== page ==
No School Monday: A Retrospective

No School Monday:  A Retrospective

August Biernbaum, Author

February 17th, 2020.

What does it mean to you?

To me, it meant a day off. While it wasn’t the greatest, it was still a day off of school. It also means Jim Braddock (aka Levi Dennison) turned 18, but that is neither here nor there. What is significant, however, is the history of the day. Presidents’ Day is a holiday that commemorates President George Washington’s  and Abraham Lincoln’s birthdays (Feb. 22 and 12 respectively). In 1968, the U.S. passed the Uniform Monday Holiday Bill, which changed many holidays to Mondays. While it was not officially named Presidents’ Day at first, Presidents’ Day became the official name, with help in part from retailers pushing the names on sales, and the close proximity to Lincoln’s birthday. Thus, a federal holiday was born. With this federal status, it meant that many federal jobs, like postal positions, educational jobs, and DMV workers were relieved of duty on the third Monday of February, every single year.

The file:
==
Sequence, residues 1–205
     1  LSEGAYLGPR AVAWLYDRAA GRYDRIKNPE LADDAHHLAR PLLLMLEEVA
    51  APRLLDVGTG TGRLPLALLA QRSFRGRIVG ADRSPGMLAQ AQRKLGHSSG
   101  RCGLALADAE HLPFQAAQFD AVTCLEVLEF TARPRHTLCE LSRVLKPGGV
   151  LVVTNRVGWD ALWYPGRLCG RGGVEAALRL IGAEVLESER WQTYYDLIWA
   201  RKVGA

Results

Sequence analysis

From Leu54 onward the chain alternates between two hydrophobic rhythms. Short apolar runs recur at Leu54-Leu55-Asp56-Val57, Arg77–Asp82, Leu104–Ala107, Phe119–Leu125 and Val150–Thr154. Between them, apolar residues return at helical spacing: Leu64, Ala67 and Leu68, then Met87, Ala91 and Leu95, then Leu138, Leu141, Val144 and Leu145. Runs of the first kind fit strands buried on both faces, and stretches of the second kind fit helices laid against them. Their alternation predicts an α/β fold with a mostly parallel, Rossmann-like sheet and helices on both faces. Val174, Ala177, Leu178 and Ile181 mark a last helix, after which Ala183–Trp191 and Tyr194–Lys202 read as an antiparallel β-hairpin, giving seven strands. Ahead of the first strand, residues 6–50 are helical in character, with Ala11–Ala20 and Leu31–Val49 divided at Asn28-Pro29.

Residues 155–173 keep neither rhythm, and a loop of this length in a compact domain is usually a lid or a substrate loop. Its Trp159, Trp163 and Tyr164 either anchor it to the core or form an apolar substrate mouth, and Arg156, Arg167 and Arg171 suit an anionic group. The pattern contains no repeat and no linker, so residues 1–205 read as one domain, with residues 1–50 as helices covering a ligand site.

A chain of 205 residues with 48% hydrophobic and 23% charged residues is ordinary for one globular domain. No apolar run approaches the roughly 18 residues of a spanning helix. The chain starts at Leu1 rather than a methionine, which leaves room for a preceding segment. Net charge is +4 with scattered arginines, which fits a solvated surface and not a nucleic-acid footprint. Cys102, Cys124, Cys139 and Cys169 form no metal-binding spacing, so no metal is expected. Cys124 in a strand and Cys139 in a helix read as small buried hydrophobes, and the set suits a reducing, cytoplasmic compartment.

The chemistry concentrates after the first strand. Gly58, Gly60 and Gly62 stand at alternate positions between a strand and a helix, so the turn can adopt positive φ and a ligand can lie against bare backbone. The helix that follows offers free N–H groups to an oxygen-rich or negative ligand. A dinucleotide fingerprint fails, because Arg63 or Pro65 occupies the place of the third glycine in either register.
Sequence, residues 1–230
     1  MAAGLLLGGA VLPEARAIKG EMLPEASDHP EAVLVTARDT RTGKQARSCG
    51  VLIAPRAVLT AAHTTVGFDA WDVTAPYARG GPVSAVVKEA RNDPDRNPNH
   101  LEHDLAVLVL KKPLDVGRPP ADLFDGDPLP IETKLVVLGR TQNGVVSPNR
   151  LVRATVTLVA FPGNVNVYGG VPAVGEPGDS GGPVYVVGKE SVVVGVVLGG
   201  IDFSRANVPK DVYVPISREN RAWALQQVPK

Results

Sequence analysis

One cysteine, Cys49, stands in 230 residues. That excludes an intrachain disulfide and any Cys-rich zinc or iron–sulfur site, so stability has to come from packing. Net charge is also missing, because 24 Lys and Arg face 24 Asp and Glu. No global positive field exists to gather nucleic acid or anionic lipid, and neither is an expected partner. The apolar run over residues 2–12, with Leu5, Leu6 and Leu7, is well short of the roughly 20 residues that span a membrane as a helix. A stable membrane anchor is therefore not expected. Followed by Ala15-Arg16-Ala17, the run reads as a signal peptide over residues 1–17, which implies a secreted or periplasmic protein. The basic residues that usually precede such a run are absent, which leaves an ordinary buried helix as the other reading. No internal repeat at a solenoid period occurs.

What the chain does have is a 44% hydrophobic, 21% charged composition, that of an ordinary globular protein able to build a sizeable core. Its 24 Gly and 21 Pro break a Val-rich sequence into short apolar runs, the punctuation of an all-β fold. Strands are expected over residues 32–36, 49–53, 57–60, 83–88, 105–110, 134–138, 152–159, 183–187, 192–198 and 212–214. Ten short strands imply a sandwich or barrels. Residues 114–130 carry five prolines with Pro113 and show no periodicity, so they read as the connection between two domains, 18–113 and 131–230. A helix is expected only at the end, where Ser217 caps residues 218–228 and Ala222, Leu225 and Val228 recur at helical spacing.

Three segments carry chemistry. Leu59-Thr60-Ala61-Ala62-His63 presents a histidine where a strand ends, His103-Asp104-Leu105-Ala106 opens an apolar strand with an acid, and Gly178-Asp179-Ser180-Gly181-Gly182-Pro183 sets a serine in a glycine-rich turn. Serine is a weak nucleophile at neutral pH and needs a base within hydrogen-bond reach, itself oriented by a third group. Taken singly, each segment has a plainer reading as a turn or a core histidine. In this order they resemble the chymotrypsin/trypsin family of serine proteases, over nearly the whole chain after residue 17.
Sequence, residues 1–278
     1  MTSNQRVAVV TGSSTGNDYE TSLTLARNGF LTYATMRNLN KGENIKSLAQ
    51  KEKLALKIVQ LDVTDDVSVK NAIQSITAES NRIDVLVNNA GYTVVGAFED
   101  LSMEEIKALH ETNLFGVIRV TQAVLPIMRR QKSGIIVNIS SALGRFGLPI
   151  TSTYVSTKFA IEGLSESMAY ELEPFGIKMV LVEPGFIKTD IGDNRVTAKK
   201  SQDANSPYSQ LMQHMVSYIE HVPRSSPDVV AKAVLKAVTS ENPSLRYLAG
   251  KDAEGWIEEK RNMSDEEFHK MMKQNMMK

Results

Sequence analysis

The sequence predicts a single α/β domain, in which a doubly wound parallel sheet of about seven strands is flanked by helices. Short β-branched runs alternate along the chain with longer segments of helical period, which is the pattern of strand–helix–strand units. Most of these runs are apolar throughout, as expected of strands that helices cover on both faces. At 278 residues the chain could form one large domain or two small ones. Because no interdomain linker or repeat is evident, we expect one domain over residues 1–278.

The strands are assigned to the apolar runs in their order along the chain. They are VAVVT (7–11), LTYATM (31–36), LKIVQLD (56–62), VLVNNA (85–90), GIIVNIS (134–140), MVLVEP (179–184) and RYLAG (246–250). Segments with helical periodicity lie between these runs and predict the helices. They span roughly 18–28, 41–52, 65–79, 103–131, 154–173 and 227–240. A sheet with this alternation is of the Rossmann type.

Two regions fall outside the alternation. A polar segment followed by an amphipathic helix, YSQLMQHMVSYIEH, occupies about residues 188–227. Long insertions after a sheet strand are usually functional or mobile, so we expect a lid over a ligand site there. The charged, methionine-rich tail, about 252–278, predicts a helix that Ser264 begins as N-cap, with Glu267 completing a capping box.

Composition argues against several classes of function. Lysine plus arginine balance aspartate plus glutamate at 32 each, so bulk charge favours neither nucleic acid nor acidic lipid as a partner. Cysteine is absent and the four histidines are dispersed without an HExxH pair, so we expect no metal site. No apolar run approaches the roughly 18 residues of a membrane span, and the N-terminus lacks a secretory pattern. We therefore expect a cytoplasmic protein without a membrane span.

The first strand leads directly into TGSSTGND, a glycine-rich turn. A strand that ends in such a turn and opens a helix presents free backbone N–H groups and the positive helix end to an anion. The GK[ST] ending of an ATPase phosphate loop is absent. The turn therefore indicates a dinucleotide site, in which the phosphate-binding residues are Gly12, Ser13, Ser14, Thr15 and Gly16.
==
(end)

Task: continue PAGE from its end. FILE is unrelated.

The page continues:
With this information in mind, I’d like to encourage you to think of the historical significance of the days you get off, and think about the groundbreaking stuff that happened to make it a holiday. Eh, who am I kidding? I know all of you totally knew this, and I’m just wasting my time. So, next year, what will you do on Presidents’ Day? Will this encourage any other thoughts on what it means to you?